Six years later and I still have anxiety whenever someone I love leaves me for anywhere, for any amount of time. Please be safe, I whisper. Please don’t go.
Six years later and I still have to practice breathing again whenever I hear an ambulance siren. Whenever I drive by a crash. Whenever I hear of a horror. If my daughter, 700 miles away does not immediately respond to our group texts with me and my other children, I have a creeping panic until she writes, “Omg, Mom. I’m in class.” Even when I know for sure she’s in class.
Six years later and I hate winter. I hate its lifelessness, its starkness, its death and especially its darkness. I’m frightened of the dark now. Of the panic attacks and the memories and the embers of the shattered dreams that glow in the darkness.
Six years later and I love to excess, smothering excess. Six years later and I am cold as fuck. The same heart that burns like wildfire is walled in ice, ferociously protective of those already inside, dispassionately protective of itself. Six years later and still I’m terrified of what’s to come and who’s to go and where we will all be in the next six years.
My oldest daughter suffers many of the same anxieties. She faces them. I hide from them. I hide behind my keyboard. I hide in destructive relationships where screaming is the norm because screaming at least allows me to feel something. I hide in denial from myself. My daughter accused me a month or so ago of transferring all my anxiety to my house as I, room by room, made excessive changes. Ripping out carpets, redoing floors. Buying new furniture and new throw rugs and lamps and a new washer and dryer and a car. Repairing unused patios and lights and tossing memories out in the dumpster.
You’re going crazy, she told me. You aren’t happy. I argued with her then. I told her I was so very happy. Look at me! I’m so happy! I’m finally concentrating on something else besides just caring for Damon; I’m making my surroundings beautiful and colorful and bright. What gives you the right to tell me I’m not happy?
Concentrate on yourself, she answered quietly. You are concentrating on everything but you.
You need to care for yourself like you care for Damon.
I laughed at her. I rolled my eyes at the ridiculousness of what she was saying. But I began to question. I questioned more a few days later when someone, a total stranger, said he saw a deep sadness in me, making him want to make me happy. I smiled sweetly. I took his offered arm and used it to push him away.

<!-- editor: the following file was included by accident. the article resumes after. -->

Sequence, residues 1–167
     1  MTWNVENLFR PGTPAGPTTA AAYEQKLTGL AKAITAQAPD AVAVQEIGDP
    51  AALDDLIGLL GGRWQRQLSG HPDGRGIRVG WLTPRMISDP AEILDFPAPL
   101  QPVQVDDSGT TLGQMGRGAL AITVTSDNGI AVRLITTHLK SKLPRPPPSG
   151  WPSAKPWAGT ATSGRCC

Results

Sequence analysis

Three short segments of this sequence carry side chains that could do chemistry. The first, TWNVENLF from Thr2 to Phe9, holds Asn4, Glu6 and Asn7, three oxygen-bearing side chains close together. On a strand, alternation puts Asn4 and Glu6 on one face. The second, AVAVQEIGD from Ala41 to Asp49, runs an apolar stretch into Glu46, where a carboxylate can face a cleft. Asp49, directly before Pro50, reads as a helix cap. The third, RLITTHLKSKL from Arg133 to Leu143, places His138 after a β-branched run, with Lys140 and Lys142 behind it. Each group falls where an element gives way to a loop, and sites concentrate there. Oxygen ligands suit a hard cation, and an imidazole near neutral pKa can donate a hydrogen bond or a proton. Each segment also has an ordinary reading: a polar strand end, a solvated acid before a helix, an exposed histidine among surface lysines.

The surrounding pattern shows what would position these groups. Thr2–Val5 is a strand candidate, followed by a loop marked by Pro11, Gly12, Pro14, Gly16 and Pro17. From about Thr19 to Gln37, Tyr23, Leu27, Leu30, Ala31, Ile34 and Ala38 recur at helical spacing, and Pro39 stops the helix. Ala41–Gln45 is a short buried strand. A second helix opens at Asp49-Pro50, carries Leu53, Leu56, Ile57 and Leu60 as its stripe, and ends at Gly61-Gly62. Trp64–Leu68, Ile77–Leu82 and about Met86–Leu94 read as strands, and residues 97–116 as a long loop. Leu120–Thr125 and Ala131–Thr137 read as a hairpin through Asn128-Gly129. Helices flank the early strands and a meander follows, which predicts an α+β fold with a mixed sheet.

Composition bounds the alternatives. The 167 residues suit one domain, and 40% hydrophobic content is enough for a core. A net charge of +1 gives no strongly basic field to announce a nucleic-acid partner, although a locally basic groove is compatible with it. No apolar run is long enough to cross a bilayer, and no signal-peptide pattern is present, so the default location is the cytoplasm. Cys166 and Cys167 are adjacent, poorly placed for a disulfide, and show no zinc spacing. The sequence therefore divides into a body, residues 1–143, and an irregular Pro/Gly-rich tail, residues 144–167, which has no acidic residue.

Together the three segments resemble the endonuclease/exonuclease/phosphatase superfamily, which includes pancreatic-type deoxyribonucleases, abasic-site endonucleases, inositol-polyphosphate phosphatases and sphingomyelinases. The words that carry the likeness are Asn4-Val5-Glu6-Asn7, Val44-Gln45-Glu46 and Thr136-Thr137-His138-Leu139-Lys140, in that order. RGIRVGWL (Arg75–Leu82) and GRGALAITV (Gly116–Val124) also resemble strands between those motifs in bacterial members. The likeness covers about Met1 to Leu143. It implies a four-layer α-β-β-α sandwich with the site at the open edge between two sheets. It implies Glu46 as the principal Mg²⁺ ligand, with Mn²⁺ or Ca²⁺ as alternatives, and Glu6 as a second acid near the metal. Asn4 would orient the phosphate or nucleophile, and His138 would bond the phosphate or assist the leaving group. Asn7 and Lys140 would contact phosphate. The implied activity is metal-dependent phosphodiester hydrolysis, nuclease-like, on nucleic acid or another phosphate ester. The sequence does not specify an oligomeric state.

By the time my daughter left to go back to her apartment, I knew she was right.
Six years later and I work up the courage to look in the mirror. Six years of too much sadness and too many deaths pounding on a psyche already injured from years of emotional abuse has left me broken.
I know I need to make changes. I know I am stagnating. I must face the fact that I am not immortal, and can’t merely keep putting one foot in front of the other to only survive each day. I will need to take an active role in my own life.
As I gaze at my reflection I realize I don’t just miss that girl who disappeared six years ago, but the one who disappeared many, many years before that. The girl who had no story. The girl who was able to twirl, unhinged, like a ballerina and throw caution to the wind. And live.
I need to bring her back, whatever it takes. I need to bring her back.
Six years later and I must now endure another crash, but this one inside my head and my heart. A complete demolition. I know I have to break down before I build up. I need to rip apart that diseased part of my mind that is too frightened to move on. I know I need to tell the whole story. I know I must face truths that are uncomfortable. I know I will leave some destruction in my path, and as a tornado doesn’t wait around to clean up its mess, I will not hang around to clean up the toxicity I toss out of my life.
I know the people who love me will continue to love me and I know my inner circle is all I really need. I know my Facebook friends are like ghosts I can put my hand through; they do not really even exist. It doesn’t matter what they think any more. I write for me.
Six years later and I now know I need to care for two people going forward, not just one. I may never rid myself of my acquired anxieties, but I need to take care of them, not hide from them, with the same compassion and gentle understanding, love, and patience I use to take care of Damon.
For six years I have been on my own form of life support, but the equipment has been flawed, and I have been barely breathing. I know I must breathe again totally on my own…deep, deep breaths that fill up my lungs and make me giddy with too much oxygen. I know I must grasp tightly onto offered fleeting moments of happiness, of truths, of passion, of goodness because without them my soul will completely wither away.
Six years later and I know I somehow have to make this journey.
Stay safe, I whisper to myself. Please come back.